We often play a “game” with people who visit our LSS Financial Counseling table. People are given 10 marbles and each represents $100; then we ask what each individual would do with an extra $1,000. They have to decide between 3 jars: ‘Save’, ‘Spend’, and ‘Pay down debt’ and the marbles can be split up in any way. I’ve personally staffed 2 tables in the last month. The first time around, most said they would pay down debt, then save, then spend. At the second event, the majority of people said savings comes first, followed by paying down debt and spending in a tie for second place.
Time of year/situational
Both events had similar people attending as they all worked for a nonprofit of some type. So I was trying to determine why there was a difference by talking to people who played my marble “game”. The main reason seemed to be timing or what was currently going on in that person’s life. There were people who said, “If you asked me in January (or another time of year), my answer would be different.”
A few people’s reasons for this was due to home improvement or other required projects…which actually includes me. We’re putting in new flooring in our main living space soon; therefore, right now I would have put the majority of my marbles toward spending for my new floor. For other people who put more in spending, it may have been partially because of the upcoming Christmas holiday. We’re in the heart of the spending season, so it makes sense.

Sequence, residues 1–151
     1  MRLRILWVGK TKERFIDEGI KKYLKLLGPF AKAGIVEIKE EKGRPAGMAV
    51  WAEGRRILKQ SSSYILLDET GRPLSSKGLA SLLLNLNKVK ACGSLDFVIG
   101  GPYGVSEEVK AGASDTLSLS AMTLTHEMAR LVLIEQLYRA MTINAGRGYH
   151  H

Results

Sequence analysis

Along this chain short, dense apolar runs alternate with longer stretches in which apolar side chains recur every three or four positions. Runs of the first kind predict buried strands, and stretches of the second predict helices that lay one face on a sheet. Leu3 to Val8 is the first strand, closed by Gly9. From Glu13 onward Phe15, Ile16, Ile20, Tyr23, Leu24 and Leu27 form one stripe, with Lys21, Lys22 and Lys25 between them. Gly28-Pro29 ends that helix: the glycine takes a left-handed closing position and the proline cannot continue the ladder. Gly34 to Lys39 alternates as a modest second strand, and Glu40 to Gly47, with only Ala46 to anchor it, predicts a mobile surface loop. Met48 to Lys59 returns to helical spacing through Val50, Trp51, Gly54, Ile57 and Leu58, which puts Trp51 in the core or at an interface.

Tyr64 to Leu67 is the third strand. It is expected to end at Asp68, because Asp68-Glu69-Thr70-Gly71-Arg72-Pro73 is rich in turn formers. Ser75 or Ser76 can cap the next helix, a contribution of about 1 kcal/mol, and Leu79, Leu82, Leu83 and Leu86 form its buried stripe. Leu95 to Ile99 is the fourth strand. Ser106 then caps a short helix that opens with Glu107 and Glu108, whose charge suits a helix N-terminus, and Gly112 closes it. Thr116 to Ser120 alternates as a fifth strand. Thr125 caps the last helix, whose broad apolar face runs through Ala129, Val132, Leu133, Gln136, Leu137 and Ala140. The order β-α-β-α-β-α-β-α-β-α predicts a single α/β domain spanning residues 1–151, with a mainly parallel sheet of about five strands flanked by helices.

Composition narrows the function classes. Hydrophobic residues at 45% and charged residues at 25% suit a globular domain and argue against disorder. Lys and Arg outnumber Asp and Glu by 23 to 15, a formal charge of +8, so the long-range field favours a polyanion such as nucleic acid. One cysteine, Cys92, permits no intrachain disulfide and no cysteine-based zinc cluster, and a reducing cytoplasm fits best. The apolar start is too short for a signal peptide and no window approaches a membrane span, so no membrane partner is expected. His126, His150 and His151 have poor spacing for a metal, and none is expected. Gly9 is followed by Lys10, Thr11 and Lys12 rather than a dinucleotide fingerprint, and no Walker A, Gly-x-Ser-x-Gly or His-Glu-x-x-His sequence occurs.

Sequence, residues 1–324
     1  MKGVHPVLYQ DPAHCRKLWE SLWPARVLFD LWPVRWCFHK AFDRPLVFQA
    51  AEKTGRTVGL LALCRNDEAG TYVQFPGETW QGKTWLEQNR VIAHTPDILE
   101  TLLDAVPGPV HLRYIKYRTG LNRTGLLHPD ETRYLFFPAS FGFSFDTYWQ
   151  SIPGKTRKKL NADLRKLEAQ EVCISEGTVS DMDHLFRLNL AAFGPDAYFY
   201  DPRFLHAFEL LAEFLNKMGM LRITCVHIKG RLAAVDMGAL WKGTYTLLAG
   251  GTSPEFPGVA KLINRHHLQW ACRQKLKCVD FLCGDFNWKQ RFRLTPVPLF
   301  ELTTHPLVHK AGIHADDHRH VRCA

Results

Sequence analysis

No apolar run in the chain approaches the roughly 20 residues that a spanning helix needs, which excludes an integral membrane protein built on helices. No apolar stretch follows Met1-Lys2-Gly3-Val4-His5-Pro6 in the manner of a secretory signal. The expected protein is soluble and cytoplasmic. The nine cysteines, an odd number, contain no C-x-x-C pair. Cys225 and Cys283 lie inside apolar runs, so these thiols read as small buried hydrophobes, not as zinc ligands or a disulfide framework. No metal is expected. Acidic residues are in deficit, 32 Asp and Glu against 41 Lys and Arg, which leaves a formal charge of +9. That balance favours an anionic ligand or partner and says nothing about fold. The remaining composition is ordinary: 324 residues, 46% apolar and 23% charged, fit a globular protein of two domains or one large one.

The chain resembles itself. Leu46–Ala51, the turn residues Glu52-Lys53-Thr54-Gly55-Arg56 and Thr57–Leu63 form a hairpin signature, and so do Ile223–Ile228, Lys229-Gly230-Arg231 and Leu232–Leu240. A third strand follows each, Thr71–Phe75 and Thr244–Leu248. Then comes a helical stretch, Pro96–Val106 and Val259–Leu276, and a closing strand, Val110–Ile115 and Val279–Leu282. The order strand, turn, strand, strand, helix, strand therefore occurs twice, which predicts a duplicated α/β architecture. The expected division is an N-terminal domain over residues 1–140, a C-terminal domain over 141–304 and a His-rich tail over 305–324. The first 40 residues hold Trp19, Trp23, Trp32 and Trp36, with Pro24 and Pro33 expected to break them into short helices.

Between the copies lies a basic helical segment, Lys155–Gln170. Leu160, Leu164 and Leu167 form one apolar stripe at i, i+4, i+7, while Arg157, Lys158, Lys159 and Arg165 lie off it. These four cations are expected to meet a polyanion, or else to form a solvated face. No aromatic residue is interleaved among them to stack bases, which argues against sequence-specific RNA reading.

Different stages of life
The other factor that played a huge role was where people were in life. Some had already paid off their mortgage or student loans, while others hadn’t been out of college that long. Those closer to retirement need to make savings a priority because that will be their livelihood. On the other hand, men and women in their twenties and thirties need to do both saving AND paying off debt for future financial stability.
With the marble game there is no right or wrong answer. The whole point of it is to really make you think hard about where you should focus or possibly re-focus putting your hard-earned money.
And if you’re lucky enough to get a cash windfall, such as a bonus or tax refund, it’s really important to use it wisely.
For more tips, check out Are you prepared for a financial emergency? and 5 smart ways to spend your tax refund. While the second title indicates a tax refund in the title, it can apply to getting an extra $1,000 or other amount from working overtime, selling unused items, or a bonus.
If you carry balances on your credit cards and that’s holding you back from saving for emergencies, retirement, or just enjoying life, LSS can help. We offer free, nonprofit financial counseling to help you achieve your financial goals. Give us a call at 888.577.2227 for your phone or in-person session, or GET STARTED ONLINE at your convenience.
Author Elaina Johannessen is a Program Director with LSS Financial Counseling.